Vulnerability scan assessments can be run on a set periodic basis, as well as in an ad hoc or on-demand fashion in order to verify that vulnerabilities that are believed to have been fixed were actually resolved or not. This cycle of assess, patch, and re-assess has become the standard method for many organizations to manage their security issues.


How do vulnerability scans work?


Vulnerability scans work on a client-server model. That is, there is a vulnerability scanner which acts as a “client”, making requests across a network to target systems (servers). These requests can consist of a number of different protocols at different layers of the TCP/IP stack or internet protocol suite.



Modern vulnerability scanners allow for both authenticated and unauthenticated scans. In an unauthenticated scan, a vulnerability scanner simply makes requests as an attacker would, with no privileged access to target systems. In an authenticated scan, a vulnerability scanner is provided by an organisation with credentials that allow it to authenticate to a target system or service, meaning that it can actively query that system from a trusted perspective, allowing it to detect more issues.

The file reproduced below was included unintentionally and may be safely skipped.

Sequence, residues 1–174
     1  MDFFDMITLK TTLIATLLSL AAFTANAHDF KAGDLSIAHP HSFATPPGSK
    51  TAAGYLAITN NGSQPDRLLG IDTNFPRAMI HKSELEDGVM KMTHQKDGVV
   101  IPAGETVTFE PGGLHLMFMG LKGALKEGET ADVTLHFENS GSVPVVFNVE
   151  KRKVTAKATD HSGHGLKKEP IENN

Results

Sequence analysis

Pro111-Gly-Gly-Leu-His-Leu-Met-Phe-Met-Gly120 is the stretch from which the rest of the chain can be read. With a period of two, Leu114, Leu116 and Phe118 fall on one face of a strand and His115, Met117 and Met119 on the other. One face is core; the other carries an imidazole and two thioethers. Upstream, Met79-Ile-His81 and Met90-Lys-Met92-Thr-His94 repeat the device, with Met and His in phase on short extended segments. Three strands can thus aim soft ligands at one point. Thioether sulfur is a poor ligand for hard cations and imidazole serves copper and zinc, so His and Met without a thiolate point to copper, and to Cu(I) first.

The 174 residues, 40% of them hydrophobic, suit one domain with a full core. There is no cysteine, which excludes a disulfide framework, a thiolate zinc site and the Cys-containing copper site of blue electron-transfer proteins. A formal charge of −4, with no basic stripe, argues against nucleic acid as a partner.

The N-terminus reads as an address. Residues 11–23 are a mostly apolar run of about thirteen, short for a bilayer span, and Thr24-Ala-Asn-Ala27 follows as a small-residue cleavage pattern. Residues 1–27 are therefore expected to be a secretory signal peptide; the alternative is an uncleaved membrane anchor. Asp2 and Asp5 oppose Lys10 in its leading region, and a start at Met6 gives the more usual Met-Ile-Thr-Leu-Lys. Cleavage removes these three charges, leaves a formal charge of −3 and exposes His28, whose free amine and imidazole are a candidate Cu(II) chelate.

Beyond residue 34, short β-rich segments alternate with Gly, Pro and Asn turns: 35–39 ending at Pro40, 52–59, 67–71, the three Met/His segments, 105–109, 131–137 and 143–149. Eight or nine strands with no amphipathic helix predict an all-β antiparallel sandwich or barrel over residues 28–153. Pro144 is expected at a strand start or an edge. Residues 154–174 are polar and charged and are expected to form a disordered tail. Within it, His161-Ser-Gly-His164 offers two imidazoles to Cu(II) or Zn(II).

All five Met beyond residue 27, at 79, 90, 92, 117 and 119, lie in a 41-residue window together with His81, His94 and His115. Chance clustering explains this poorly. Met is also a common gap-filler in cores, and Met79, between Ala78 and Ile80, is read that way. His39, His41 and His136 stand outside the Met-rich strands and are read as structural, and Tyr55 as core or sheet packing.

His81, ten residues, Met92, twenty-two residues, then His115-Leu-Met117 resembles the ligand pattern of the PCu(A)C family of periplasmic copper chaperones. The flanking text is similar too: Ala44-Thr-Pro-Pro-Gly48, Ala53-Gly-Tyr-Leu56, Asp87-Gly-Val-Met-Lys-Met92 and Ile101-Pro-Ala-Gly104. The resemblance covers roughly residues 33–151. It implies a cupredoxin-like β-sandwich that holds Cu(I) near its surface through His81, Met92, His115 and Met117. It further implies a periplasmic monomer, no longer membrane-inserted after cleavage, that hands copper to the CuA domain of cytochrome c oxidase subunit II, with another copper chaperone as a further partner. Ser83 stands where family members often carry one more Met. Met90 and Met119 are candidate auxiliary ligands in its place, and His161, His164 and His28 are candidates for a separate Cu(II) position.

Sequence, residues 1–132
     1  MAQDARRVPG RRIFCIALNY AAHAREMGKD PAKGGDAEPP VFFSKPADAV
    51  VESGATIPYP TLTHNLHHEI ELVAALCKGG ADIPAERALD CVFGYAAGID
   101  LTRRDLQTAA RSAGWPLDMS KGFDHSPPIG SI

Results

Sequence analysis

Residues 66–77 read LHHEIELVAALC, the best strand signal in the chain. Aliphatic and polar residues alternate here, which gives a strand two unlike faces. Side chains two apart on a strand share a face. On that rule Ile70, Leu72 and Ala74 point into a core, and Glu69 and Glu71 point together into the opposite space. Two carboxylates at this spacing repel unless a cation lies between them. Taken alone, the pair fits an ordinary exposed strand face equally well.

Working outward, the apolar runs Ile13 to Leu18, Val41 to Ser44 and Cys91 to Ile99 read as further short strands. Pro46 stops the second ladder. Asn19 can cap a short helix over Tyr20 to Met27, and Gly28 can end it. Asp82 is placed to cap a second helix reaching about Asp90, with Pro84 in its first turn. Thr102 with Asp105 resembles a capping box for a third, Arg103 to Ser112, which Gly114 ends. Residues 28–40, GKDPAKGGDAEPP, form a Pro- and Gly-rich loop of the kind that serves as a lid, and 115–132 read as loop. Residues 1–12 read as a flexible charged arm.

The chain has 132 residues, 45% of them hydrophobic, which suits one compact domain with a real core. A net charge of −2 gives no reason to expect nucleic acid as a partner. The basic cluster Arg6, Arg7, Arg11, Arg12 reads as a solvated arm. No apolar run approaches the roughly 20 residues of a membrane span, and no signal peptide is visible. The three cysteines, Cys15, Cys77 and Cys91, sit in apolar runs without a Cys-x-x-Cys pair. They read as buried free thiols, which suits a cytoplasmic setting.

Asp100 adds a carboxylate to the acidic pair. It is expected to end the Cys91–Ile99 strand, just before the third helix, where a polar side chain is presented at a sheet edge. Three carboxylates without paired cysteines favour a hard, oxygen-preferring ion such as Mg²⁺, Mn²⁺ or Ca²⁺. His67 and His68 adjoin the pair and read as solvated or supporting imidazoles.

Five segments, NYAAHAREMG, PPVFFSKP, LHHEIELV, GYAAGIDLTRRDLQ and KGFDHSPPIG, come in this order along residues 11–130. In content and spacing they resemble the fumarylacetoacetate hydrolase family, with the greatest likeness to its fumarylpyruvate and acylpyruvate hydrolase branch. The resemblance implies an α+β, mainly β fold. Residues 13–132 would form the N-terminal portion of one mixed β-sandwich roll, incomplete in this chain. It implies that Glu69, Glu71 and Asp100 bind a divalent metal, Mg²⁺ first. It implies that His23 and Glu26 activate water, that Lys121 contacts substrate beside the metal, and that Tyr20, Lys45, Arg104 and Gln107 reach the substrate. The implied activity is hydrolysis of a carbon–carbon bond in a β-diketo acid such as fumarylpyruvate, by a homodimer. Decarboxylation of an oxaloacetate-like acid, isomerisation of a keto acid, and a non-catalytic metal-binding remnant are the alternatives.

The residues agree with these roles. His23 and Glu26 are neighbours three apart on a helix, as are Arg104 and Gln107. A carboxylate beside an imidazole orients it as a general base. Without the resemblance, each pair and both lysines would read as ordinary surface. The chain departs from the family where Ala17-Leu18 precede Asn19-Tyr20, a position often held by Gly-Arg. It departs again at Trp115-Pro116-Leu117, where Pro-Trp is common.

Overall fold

What stages are there in active testing?


A vulnerability scan works by (safely) simulating attacks against a system. However, when a vulnerability scan begins, it has insufficient information to do so effectively: the only information that it has is the “target” that it should scan. The first thing that it does therefore is try and find out as much as it can about the target, in the same way that the military would when planning a mission, or that a criminal might if targeting a building for attack. There’s no use in turning up to attack something if you don’t bring the correct tools or ordnance for the target in question.

In the first stage of a network vulnerability assessment, a scanner will therefore perform a process known as Open-Source Intelligence Gathering (OSINT) to harvest and collect further information on a target. During this discovery phase of the scan, multiple open-source intelligence databases are consulted to learn as much about the target system as possible. For example, host names registered to the target IP address, web components indexed by search engines, and historical network data. Data that is in scope for the scan is then seeded into the scan configuration.